Farrington, "Childhood aggression and adult violence," in D.J. Pepper
and K. Rubin, editors, THE DEVELOPMENT AND TREATMENT OF CHILDHOOD
AGGRESSION (Hillsdale, N.J.: Lawrence Erlbaum Associates, 1991), pgs.
189-197, which we have not seen. And see: D.R. Offord and others,
"Delinquency and Hyperactivity," The JOURNAL OF NERVOUS AND MENTAL
DISEASE Vol. 167, No. 12 (1979), pgs. 734-741. And see: Thomas M.
Achenbach and others, "Six-Year Predictors of Problems in a National
Sample of Children and Youth. II. Signs of Disturbance," JOURNAL OF THE
AMERICAN ACADEMY OF CHILD AND ADOLESCENT PSYCHIATRY Vol. 34, No. 4
(April 1995), pgs. 488-498.

[3] David Bellinger and others, "Pre-and Postnatal Lead Exposure and
Behavior Problems in School-Aged Children," ENVIRONMENTAL RESEARCH Vol.
66 (1994), pgs. 12-30.

[4] Randolph K. Byers and Elizabeth E. Lord, "Late Effects of Lead
Poisoning on Mental Development," AMERICAN JOURNAL OF DISEASES OF
CHILDREN Vol. 66, No. 5 (November 1943), pgs. 471-494.

[5] Randolph K. Byers, unpublished data described by Needleman, cited
above in footnote 1.

[6] John F. Rosen, "Health Effects of Lead at Low Exposure Levels,"
AMERICAN JOURNAL OF DISEASES OF CHILDREN Vol. 146 (November 1992), pgs.
1278-1281.

[7] John F. Rosen, "Effects of Low Levels of Lead Exposure," SCIENCE
Vol. 256 (April 17, 1992), pg. 294.

[8] Herbert L. Needleman and others, "Deficits in Psychologic and
Classroom Performance of Children with Elevated Dentine Lead Levels,"
NEW ENGLAND JOURNAL OF MEDICINE Vol. 300, No. 13 (March 29, 1979), pgs.
689-695. And see: Joel Schwartz, "Low-Level Lead Exposure and
Children's IQ: A Meta-analysis and Search for a Threshold,"
ENVIRONMENTAL RESEARCH Vol. 65 (1994), pgs. 42-55. And see: Herbert L.
Needleman and Constantine A. Gastonis, "Low-Level Exposure and the IQ
of Children," JOURNAL OF THE AMERICAN MEDICAL ASSOCIATION Vol. 263, No.
5 (February 2, 1990), pgs. 673-678.

[9] Herbert L. Needleman and others, "The Long-term Effects of Exposure
to Low Doses of Lead in Childhood," NEW ENGLAND JOURNAL OF MEDICINE
Vol. 322, No. 2 (1990), pgs. 83-88.

[10] The few studies examining lead and behavior in the period 1944-
1980 are reviewed in Herbert L. Needleman and Philip J. Landrigan, "The
Health Effects of Low Level Exposure to Lead," ANNUAL REVIEW OF PUBLIC
HEALTH Vol. 2 (1981), pgs. 277-298.

[11] Brigitte de la Burde and McLin S. Choate, "Early Asymptomatic Lead
Exposure and Development at School Age," JOURNAL OF PEDIATRICS Vol. 87,
No. 4 (1975), pgs. 638-642.

[12] Mike Marlowe and John Errera, "Low Lead Levels and Behavior
Problems in Children," BEHAVIORAL DISORDERS Vol. 7 (1982), pgs. 163-
172.

[13] G.O.B. Thomson and others, "Blood-Lead Levels and Children's
Behaviour--Results from the Edinburgh Lead Study," JOURNAL OF CHILD
PSYCHOLOGY AND PSYCHIATRY Vol. 30, No. 4 (1989) pgs. 515-528.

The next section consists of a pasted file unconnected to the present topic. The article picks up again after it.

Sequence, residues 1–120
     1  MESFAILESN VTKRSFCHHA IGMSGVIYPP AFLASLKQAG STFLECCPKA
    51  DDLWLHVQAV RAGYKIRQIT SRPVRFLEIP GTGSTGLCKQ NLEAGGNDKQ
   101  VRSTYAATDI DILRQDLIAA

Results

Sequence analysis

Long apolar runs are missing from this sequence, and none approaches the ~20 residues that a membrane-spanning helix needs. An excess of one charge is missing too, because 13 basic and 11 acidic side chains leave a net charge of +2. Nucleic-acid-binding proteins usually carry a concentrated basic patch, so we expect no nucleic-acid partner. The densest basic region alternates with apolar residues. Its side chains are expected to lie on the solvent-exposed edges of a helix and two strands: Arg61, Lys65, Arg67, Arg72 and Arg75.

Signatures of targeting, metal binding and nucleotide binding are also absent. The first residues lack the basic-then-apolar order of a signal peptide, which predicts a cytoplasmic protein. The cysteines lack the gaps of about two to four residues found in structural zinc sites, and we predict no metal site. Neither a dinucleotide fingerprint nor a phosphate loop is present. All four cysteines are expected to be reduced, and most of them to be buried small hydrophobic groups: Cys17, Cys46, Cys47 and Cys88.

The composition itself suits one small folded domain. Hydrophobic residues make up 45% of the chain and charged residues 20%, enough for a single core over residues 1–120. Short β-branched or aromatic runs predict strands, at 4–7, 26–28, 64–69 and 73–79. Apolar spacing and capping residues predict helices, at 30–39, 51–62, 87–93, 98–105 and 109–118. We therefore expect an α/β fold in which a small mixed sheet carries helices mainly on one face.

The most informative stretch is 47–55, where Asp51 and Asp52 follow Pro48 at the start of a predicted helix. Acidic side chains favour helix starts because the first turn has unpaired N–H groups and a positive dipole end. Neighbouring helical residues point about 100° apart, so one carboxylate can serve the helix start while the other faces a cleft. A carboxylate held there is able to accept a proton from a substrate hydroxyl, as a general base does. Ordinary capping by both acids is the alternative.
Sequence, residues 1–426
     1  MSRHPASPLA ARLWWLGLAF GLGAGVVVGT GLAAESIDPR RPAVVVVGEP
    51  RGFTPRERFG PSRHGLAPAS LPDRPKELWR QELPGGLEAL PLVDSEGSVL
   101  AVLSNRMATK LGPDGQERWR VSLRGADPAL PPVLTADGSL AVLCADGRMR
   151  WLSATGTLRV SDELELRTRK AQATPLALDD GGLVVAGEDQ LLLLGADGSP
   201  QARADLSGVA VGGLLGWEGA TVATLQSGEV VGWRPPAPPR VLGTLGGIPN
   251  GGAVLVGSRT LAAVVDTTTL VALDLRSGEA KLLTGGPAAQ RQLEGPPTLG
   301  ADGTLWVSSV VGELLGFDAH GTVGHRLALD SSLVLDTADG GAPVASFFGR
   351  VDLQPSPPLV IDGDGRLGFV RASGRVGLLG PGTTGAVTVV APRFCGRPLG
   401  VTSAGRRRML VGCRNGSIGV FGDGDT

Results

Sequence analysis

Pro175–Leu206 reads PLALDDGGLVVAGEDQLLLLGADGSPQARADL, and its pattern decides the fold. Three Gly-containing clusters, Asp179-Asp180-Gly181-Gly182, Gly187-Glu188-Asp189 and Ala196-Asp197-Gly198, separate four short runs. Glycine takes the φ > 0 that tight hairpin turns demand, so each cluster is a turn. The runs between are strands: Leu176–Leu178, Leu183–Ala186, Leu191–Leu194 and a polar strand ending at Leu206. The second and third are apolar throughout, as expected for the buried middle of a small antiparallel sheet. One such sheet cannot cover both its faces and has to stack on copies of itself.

[14] William G. Sciarillo and others, "Lead Exposure and Child
Behavior," AMERICAN JOURNAL OF PUBLIC HEALTH Vol. 82, No. 10 (October
1992), pgs. 1356-1360. 17 (April 23, 1987), pgs. 1037-1043.

[15] David M. Fergusson and others, "Early Dentine Lead Levels and
Subsequent Cognitive and Behavioural Development," JOURNAL OF CHILD
PSYCHOLOGY AND PSYCHIATRY Vol. 34, No. 2 (1993), pgs. 215-227.

[16] James L. Pirkle and others, "The Decline in Blood Lead Levels in
the United States," JOURNAL OF THE AMERICAN MEDICAL ASSOCIATION Vol.
272, No. 4 (July 27, 1994), pgs. 284-291.

[17] Debra J. Brody and others, "Blood Lead Levels in the U.S.
Population," JOURNAL OF THE AMERICAN MEDICAL ASSOCIATION Vol. 272, No.
4 (July 27, 1994), pgs. 277-283.

[18] David Bellinger and others, "Longitudinal Analyses of Prenatal and
Postnatal Lead Exposure and Early Cognitive Development," NEW ENGLAND
JOURNAL OF MEDICINE Vol. 316, No. 17 (April 23, 1987), pgs. 1037-1043.

[19] Fox Butterfield, "More in U.S. Are in Prisons, Report Says," NEW
YORK TIMES August 10, 1995, pg. A14.

[20] Allen J. Beck and Darrell K. Gilliard, "Prisoners in 1994," BUREAU
OF JUSTICE STATISTICS BULLETIN [NCJ-151654], August, 1995, pgs. 1-13.

[21] Bernard Weiss, "Intersections of Psychiatry and Toxicology,"
INTERNATIONAL JOURNAL OF MENTAL HEALTH Vol. 14, No. 3 (1985), pgs. 7-
25.

[22] Evan Charney and others, "Increased Lead Absorption in Inner City
Children: Where Does the Lead Come From?" PEDIATRICS Vol. 65, No. 2
(February 1980), pgs. 226-231.

[23] Brian L. Gulson and others, "Paint as a source of recontamination
of houses in urban environments and its role in maintaining elevated
blood leads in children," SCIENCE OF THE TOTAL ENVIRONMENT Vol. 164
(1995), pgs. 221-235.

[24] Herbert L. Needleman and Richard J. Jackson, "Lead Toxicity in the
21st Century: Will We Still Be Treating It?" PEDIATRICS Vol. 89, No. 4
(April 1992), pgs. 678-680, citing a 1991 CDC study.

Descriptor terms: lead; herbert needleman; behavior; criminality;
delinquency; heavy metals; IQ; central nervous system; attention
disorders; aggressiveness;